Cancellation of quadratic divergences in the scalar masses gives rise to four mass relations, which we may call the Veltman conditions for the 2HDMs being considered Newton:1993xc (),

(10)
(11)
(12)

where are the and coupling constants. A fourth equation is the complex conjugate of the third one. As we will see below, the last equation vanish identically for all the 2HDMs we consider. The mass relations come from the first two equations above.

When the fermions are in mass eigenstates, the Yukawa matrices are automatically diagonal if there is only one Higgs doublet as in the Standard Model, so there is no FCNC at the tree level. But in the presence of a second scalar doublet, the two Yukawa matrices will not be simultaneously diagonalizable in general, and thus the Yukawa couplings will not be flavor diagonal. Neutral Higgs scalars will mediate FCNCs. The necessary and sufficient condition for the absence of FCNC at tree level is that all fermions of a given charge and helicity transform according to the same irreducible representation of SU(2), corresponding to the same eigenvalue of and that a basis exists in which they receive their contributions in the mass matrix from a single source Glashow:1976nt (); Paschos:1976ay ().

For the fermions of the Standard Model, this theorem implies that all right-handed singlets of a given charge must couple to the same Higgs doublet. We will ensure this using the global U(1) symmetry mentioned earlier, which generalizes a symmetry more commonly employed for this purpose. The left handed fermion doublets remain unchanged under this symmetry, The transformations of right handed fermion singlets determine the type of 2HDM. There are four such possibilities, which may be identified by the right-handed fields which transform under the U(1): type I (none), type II () , lepton specific () , flipped () . We note in passing that another way of avoiding FCNCs at tree level is by aligning the Yukawa and mass matrices in flavor space Pich:2009sp (). However, only these four 2HDMs admit symmetries such as the U(1) Ferreira:2010xe ().

The fermion mass matrix is diagonalized by independent unitary transformations on the left and right-handed fermion fields. In any of the 2HDMs, either or vanish for each fermion type For example, in the Type II model couples to down-type quarks and charged leptons, while couples to up-type quarks, so Thus Eq. (12) is automatically satisfied in each 2HDM. The non-vanishing Yukawa matrices are related to the fermion masses by Newton:1993xc ()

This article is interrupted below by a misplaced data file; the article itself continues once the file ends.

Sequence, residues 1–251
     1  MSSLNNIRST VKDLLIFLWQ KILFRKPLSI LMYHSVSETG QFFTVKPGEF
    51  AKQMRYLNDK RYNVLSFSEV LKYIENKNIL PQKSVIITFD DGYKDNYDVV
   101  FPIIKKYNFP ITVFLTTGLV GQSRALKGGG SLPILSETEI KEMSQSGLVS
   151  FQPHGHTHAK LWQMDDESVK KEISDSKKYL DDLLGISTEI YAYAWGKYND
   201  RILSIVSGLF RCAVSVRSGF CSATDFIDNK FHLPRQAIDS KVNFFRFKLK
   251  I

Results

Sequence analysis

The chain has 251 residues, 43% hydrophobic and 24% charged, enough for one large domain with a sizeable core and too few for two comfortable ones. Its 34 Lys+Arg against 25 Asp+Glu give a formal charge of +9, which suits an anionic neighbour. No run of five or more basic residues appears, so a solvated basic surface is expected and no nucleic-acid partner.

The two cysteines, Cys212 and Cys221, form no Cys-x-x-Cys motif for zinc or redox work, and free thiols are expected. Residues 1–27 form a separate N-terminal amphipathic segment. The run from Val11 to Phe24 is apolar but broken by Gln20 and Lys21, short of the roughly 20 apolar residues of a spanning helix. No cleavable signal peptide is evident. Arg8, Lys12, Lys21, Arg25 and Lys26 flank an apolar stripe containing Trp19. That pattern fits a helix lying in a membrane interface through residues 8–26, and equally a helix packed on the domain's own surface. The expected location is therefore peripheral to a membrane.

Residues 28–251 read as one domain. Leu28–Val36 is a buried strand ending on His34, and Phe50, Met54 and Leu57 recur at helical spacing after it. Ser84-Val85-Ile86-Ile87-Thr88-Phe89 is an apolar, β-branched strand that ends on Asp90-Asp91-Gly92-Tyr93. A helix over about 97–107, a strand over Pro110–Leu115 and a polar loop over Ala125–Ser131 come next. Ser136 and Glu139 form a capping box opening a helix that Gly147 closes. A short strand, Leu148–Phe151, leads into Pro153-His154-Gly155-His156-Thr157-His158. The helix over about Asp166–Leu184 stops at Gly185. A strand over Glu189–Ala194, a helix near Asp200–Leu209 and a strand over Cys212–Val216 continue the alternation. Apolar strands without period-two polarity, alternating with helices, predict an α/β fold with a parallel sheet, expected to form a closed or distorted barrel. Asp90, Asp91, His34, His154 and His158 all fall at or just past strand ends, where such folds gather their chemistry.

(13)
(14)

where stands for charged leptons, up-type quarks, or down-type quarks, and the sum is taken over generations.

In order to rewrite the Veltman conditions in terms of the known masses, we first note that in the alignment limit and with the global U(1) symmetry, the independent parameters in the scalar potential may be taken to be the masses the angle the electroweak VEV and the constant The are related to these parameters by Akeroyd:2000wc ()

(15)
(16)
(17)
(18)

Inserting Eq. (13) — Eq. (18) into Eq. (10) and Eq. (11), we get the Veltman conditions in terms of the physical particle masses. These are shown in Table 1. The Yukawa matrices which vanish in each model are listed in the second column. We note here that although naturalness conditions in specific 2HDMs have been studied earlier on a few occasions Grzadkowski:2009iz (); Jora:2013opa (), they were not done in the SM-like scenario, nor expressed in terms of the physical masses for the different types as in here.

Model   zero Yukawa VC1 VC2
Type I 0
Type II
LS
Flipped
Table 1: Veltman conditions for the different 2HDMs

Iii Bounds on the masses of heavy and charged scalars

We now display our main results, the bounds we have obtained for the masses of the heavy and charged Higgs particles. We will assume that the particle is the one that has been observed at the LHC, so that GeV, and GeV. Let us consider the example of the type II model to explain our derivation of the bounds.

Since we want the bounds on and let us rewrite VC1 and VC2 for the type II model in a convenient form,

(19)
(20)

On the right hand side of either equation, all but the last term are experimentally known. The symmetry implies that and we impose the restriction of   based on the validity of perturbativity. Comparing with Eq. (18), we see that this last puts a restriction GeV.

For a fixed value of we plot both equations on the plane for various values of The point where the two curves cross for a given value of , is an allowed value of the pair

We can restrict the allowed range of the masses even further by imposing constraints coming from stability, perturbative unitarity, and the oblique electroweak -parameter. Conditions for stability, i.e. for the scalar potential being bounded from below, were examined in Sher:1988mj (); Gunion:2002zf (); Branco:2011iw (), and found to provide lower bounds on certain combinations of the quartic couplings On the other hand, the requirement of perturbative unitarity translates into upper limits on combinations of the  , which for two-Higgs models have been derived by many authors Maalampi:1991fb (); Kanemura:1993hm (); Akeroyd:2000wc (); Horejsi:2005da (). One condition coming from perturbative unitarity is